The executive summary of the DHR reveals that the result of this visit was that: “He was treated with antidepressants, although his prescription was changed four times within 19 days. He asked to be referred to a counsellor but as his GP did not recommend it, at that stage, he referred himself to a counsellor for one private consultation.”
In their conclusions, the Review Panel decided that it: “does not believe that the deaths were predictable nor could they have been prevented…Questions have been raised regarding the possible side effects of combining the different medications [Bill] was given over a short period of time but [Bill]’s GP who had known him for many years was treating him to the best of his ability in the light of information then available to him. A consultant psychiatrist consulted by the Review on this issue is of the opinion that ‘if the doses of these medications were taken as specified, then they probably helped reduce insomnia and anxiety’.”
On November 14th 2013, 34-year-old Anthony Winter (left) visited his grandparents at their home in Southend, Essex. He restrained the elderly couple using cable ties and, as they sat on their sofa, Anthony grabbed a bread knife and a steak knife from the kitchen to inflict multiple wounds on both of them. His grandfather, Jack Anker (84) was killed, but his grandmother Pamela managed to escape in spite of her wounds. Anthony dialled 999 and told the operator: “Hiya, I’ve just killed my grandparents.”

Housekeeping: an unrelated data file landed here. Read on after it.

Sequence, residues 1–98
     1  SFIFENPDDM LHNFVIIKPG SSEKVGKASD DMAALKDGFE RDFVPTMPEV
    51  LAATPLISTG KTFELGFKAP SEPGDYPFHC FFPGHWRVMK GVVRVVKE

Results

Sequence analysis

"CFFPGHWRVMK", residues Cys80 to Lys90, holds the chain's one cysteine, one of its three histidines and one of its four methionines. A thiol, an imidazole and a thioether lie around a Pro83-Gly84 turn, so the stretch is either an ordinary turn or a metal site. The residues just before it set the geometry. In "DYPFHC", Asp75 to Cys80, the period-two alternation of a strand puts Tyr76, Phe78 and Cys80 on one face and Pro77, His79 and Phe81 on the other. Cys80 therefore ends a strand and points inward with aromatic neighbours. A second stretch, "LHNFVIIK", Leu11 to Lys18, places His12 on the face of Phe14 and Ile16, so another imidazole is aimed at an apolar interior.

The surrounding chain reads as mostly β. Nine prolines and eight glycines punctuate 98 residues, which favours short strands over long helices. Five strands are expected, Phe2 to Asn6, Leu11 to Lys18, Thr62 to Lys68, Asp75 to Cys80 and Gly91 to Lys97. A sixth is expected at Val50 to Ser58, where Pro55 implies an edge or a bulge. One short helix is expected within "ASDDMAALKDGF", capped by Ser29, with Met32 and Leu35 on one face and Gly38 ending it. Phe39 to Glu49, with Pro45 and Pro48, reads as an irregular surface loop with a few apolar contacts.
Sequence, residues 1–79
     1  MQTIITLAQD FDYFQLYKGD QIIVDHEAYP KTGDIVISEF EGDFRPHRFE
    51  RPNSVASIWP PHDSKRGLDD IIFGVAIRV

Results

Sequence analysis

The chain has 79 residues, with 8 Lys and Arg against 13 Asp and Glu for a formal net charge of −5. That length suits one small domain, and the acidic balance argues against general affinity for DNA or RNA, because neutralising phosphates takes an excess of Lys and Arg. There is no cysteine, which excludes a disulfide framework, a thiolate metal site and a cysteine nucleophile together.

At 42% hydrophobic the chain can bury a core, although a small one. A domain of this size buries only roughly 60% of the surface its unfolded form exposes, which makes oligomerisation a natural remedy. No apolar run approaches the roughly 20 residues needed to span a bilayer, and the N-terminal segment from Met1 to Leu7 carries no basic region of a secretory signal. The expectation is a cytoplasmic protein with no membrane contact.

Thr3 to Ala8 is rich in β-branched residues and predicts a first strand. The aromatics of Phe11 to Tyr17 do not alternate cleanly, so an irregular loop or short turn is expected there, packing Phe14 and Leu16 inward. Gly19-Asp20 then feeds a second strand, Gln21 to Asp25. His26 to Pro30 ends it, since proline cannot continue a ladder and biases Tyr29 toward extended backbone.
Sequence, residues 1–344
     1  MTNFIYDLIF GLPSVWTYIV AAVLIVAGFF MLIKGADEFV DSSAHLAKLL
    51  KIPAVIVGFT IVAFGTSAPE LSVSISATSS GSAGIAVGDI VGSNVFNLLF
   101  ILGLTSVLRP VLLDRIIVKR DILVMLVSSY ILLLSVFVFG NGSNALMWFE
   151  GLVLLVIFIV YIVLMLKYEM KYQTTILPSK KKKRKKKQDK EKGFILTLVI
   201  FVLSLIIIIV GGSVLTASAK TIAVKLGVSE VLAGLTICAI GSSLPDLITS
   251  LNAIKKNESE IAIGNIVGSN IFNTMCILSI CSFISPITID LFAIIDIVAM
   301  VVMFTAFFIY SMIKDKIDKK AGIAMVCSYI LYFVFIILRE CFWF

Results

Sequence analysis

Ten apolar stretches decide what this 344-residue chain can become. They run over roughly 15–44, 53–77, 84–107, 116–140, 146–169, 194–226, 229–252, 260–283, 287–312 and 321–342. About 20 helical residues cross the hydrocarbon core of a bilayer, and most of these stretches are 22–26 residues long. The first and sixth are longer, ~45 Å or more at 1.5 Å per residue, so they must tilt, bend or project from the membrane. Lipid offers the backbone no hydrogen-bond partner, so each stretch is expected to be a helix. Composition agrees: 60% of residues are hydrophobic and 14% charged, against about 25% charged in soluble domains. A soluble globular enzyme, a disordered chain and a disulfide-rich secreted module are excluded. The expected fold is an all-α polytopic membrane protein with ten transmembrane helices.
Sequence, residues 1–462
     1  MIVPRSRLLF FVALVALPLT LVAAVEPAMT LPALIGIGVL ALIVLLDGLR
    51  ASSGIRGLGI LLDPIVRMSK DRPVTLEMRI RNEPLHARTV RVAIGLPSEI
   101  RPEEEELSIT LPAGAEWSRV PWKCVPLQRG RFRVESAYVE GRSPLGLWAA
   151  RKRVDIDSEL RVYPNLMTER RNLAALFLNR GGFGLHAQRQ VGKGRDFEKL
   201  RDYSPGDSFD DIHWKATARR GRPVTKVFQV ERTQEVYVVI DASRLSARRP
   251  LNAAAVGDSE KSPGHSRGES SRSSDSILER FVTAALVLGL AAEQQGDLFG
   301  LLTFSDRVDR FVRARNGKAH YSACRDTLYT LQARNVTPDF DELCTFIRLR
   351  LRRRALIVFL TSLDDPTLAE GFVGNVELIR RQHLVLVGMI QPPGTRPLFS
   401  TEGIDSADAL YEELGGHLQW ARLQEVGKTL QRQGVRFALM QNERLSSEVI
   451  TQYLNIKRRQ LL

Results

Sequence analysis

At his trial in September 2014, Anthony admitted attempted murder of his grandmother but denied murdering his grandfather due a “loss of control”. However, the jury found him guilty of murder, and the judge sent him to prison for 22 years.
The DHR was published in June 2015. It includes an entry from November 11th 2013, just three days before Anthony visited his grandparents: “Mr Green attends his GP practice for a routine appointment where he discloses that he was suffering hip pain and depression. He reported that his mood had improved in the last three weeks, that his sleep was good and that he had no thoughts of self-harm suicide or harming others. He stated that had stopped using cannabis a week ago. He was issued with anti-depressant medication.”